Although this capital is not one of the oldest cities in Poland, it certainly has enough sights to spend a few days there. Not many old buildings can be found there, as the city was almost completely destroyed during World War II. Many of the old buildings have been rebuilt, making it look like an old city. The city is divided into an old and a new center. The old town is located around the Old Town Market (Rynek Starego Miasta) and the new part is located around the New Town Market (Rynek Nowego Miasta).
Top 10 sights of Warsaw
#1. Convent of the Sacrament (Kościól Sakramentek)
This convent proves that there are indeed old buildings in the ‘new’ center of Warsaw. The Church of St. Cazimier is located together with the monastery on the New Town Market (Rynek Nowego Miasta). The nuns in the monastery used to have the task of raising rich noble girls in a proper manner. Both the church and the monastery were founded around 1688. The monastery is open to the public. Unfortunately, this does not apply to the baroque church.
#2. John’s Cathedral (Katedra św. Jana)
One of the most important and oldest churches in the city is St. John’s Cathedral. This building was also rebuilt after 1945 when large parts of the city were destroyed. A number of tombs remained intact under the rubble, including those of the writer Henryk Sienkiewicz and the Polish king Stanisław August Poniatowski.
#3. Rynek Starego Miasta
According to BRIDGAT, the Main Market Square in the Old Town is the most central point of Warsaw. The square is characterized by the colored stately mansions. Special are the double roofs with windows in between. These would provide the stairwells with daylight. On this square you will also find the Warsaw History Museum. Here is told from the devastating history to the vibrant city it is today. In the middle of the market is the statue of the patroness and symbol of the city ‘Syrena Staromiejska’.
Although most of the palaces were rebuilt after the devastation of World War II, one was spared. This is the Wilanów Palace, which is located in the Warsaw district of the same name. In 1677, after the purchase of what was then the village of Wilanów, construction of a summer residence for King Jan Sobieski was started. Over the years, the palace has been sold and modified several times to eventually become what it is today. The palace has a regal and imposing appearance. Very special are the more than sixty rooms that are largely in their original condition and furnishings.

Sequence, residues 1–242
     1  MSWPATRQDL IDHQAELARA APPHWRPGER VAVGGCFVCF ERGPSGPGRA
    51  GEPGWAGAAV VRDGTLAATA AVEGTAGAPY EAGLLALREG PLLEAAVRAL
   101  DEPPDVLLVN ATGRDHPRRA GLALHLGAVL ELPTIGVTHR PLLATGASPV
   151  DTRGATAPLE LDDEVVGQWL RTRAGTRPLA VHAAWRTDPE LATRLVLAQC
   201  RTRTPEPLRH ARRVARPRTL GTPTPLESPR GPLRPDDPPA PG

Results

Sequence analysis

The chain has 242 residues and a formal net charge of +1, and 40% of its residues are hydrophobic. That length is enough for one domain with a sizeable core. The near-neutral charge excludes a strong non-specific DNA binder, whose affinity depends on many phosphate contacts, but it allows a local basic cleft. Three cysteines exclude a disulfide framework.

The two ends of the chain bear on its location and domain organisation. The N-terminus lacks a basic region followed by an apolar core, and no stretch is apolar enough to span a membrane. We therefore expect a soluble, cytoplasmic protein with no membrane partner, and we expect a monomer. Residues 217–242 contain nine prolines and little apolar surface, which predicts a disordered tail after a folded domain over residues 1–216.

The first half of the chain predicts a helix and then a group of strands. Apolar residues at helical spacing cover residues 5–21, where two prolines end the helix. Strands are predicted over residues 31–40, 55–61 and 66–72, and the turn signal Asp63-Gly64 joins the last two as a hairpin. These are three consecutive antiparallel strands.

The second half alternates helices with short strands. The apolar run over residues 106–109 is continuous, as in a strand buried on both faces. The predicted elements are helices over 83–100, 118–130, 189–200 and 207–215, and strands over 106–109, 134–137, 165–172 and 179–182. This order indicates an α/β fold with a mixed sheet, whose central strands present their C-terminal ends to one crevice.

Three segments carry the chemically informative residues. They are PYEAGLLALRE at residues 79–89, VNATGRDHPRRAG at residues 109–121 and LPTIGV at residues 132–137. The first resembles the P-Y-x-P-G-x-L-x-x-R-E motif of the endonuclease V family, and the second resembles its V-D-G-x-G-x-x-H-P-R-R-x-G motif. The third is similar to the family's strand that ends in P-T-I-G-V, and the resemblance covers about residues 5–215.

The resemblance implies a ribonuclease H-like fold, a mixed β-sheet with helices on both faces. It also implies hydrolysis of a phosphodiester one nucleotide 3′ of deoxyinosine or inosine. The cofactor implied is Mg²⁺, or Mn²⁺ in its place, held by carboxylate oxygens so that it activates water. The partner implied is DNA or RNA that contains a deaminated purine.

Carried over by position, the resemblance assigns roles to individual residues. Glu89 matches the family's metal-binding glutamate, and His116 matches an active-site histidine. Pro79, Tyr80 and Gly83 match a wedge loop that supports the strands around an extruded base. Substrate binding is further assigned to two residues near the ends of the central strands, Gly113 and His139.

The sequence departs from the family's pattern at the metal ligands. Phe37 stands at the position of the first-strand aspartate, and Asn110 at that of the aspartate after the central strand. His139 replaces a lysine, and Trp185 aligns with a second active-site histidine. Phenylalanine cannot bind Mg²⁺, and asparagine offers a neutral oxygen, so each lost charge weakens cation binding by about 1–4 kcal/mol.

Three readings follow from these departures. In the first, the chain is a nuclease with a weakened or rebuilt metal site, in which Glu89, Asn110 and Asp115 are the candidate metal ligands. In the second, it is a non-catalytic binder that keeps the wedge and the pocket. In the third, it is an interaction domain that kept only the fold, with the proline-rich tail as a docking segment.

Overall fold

#5. Krakowskie Przedmieście
This very famous and prestigious street of Warsaw is part of the Royal Route. The Royal Route takes you past the most special sights of the city. It starts at the square with the Royal Palace and then goes south along this chic street to finally reach the Wilanów district with its majestic palace. This street has been known as a trade route since early in history. And there is still trading here. The most beautiful buildings adorn this arterial street and every side street offers more possibilities.
#6. Palace of Culture and Science
Some consider it a monstrous building and others praise it for its imposing appearance. Anyway, this strikingly tall building is a great landmark of the city. From every angle, the pointed tower rises above everything. The 42-storey building was a gift from the Soviet Union. The building contains office space, cinemas, theaters and some museums such as those about communism.
#7. Palace Square (Plac Zamkowy)
On this square is the Royal Palace (Zamek Królewski) originally from the 17th century. Once again, this building has been recreated as accurately as possible. Today, the palace serves as a museum and regularly hosts exhibitions. The square and its surroundings offer many cozy restaurants and other catering establishments.
#8. National Museum (Muzeum Narodowe)
This museum started in 1862 as a museum of fine arts. Due to the addition of a number of special collections, it was later renamed the National Museum in 1916. Today it is one of the largest museums in Poland. Art in the broadest sense of the word is exhibited here in the National Museum.
Park This largest park in Warsaw belongs to the Łazienski Palace, which is located on an island in the park. Every Sunday, many residents of the city head out to this relaxing city park. Another attraction of this park is the statue of the famous Polish composer Frédéric Chopin. Every five years a tribute is held for this master of music. People from all corners and holes come to this park to be together during this International Chopin Competition.
#10. Museum of the Jewish Institute (Żydowski Instytut Historyczny)
Those who want to delve more into the history of the Jews during World War II should definitely visit the Museum of the Jewish Historical Institute. Here it is made clear what combat and torture the Jewish people had to endure. It also tells about the ‘Warsaw Ghetto’ between 1940 and 1943. You will find this museum in the building of the Jewish Library at ul. Tlomackie 3/5.